Update: 18/01/2021 | Phil Neville has resigned from his position as manager of the English Women’s National Team, paving the way for him to join MLS franchise Inter Miami.
The FA is set to appoint an interim boss this week, bridging the gap until Sarina Wiegman takes charge after the Olympic Games. England’s interim manager would not necessarily take Team GB to Tokyo this summer, although the FA is responsible for the recruitment of the Olympic coach.
Baroness Sue Campbell, FA director of women’s football, paid tribute to Nevile, saying: “After steadying the ship at a challenging period, he helped us to win the SheBelieves Cup for the first time, reach the World Cup semi-finals and qualify for the Olympics.
“Given his status as a former Manchester United and England player, he did much to raise the profile of our team. He has used his platform to champion the women’s game, worked tirelessly to support our effort to promote more female coaches and used his expertise to develop many of our younger players.”
Neville is now the clear favourite to be appointed Inter Miami head coach, replacing Diego Alonso in Florida.
Our editor, Luke James, responded to reports of Neville’s interest in the Miami vacancy on 7 January:
Diego Alonso was dismissed from his position as Inter Miami head coach on Thursday afternoon, ending weeks of speculation regarding his future. Alonso, 45, was hired just over a month before Miami’s Major League Soccer debut and went onto lead the Herons to a 10th-place finish in the Eastern Conference.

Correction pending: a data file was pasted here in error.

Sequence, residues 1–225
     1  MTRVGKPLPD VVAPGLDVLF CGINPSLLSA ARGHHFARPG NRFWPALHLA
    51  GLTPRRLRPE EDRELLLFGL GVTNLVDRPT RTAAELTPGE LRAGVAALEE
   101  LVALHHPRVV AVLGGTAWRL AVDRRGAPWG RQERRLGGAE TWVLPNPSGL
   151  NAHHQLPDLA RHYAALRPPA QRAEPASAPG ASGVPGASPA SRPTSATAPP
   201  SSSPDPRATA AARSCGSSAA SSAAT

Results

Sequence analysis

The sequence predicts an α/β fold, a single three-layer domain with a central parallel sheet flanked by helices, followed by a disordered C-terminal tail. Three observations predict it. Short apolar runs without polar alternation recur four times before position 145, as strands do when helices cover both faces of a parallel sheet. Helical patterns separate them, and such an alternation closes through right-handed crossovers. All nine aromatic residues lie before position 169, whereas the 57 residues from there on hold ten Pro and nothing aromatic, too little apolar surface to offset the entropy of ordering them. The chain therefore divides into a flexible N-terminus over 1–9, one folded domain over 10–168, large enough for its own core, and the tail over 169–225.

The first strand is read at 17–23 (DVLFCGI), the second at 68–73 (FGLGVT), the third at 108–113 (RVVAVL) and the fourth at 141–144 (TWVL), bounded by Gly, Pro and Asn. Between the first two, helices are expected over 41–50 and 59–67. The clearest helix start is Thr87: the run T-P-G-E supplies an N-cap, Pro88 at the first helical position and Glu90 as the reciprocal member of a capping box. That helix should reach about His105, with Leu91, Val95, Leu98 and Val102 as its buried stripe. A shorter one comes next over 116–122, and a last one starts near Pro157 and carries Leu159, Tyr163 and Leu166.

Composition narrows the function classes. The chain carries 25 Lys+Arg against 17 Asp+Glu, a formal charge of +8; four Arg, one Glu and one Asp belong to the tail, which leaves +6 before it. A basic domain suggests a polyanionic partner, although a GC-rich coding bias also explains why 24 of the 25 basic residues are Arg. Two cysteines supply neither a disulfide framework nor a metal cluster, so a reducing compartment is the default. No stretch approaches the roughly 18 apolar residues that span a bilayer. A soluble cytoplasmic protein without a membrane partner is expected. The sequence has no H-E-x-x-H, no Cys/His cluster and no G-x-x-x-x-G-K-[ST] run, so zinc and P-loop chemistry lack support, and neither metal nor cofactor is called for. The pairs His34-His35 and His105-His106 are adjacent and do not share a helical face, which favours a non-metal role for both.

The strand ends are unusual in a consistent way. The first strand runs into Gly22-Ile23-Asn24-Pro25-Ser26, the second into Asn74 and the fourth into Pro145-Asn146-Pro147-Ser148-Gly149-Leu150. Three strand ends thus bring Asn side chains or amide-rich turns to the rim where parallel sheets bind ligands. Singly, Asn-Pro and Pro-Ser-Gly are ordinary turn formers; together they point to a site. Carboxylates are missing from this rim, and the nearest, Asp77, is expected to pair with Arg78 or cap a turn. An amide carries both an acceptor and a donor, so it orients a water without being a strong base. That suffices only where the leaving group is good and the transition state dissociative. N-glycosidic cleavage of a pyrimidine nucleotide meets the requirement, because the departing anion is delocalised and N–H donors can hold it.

The Florida-based outfit, co-owned by David Beckham, have held talks with former Manchester United defender Phil Neville about coaching the side in 2021 and beyond. Neville, who is set to leave his role as manager of the English women’s national team this summer, is now regarded as the clear favourite to become Inter Miami’s next head coach.
We have great expectations for Inter Miami in the short and long term
– Inter Miami CF
“This was a difficult year and a very tough decision for everyone, but we believe it is the right step for the club,” a statement to announce Alonso’s departure read.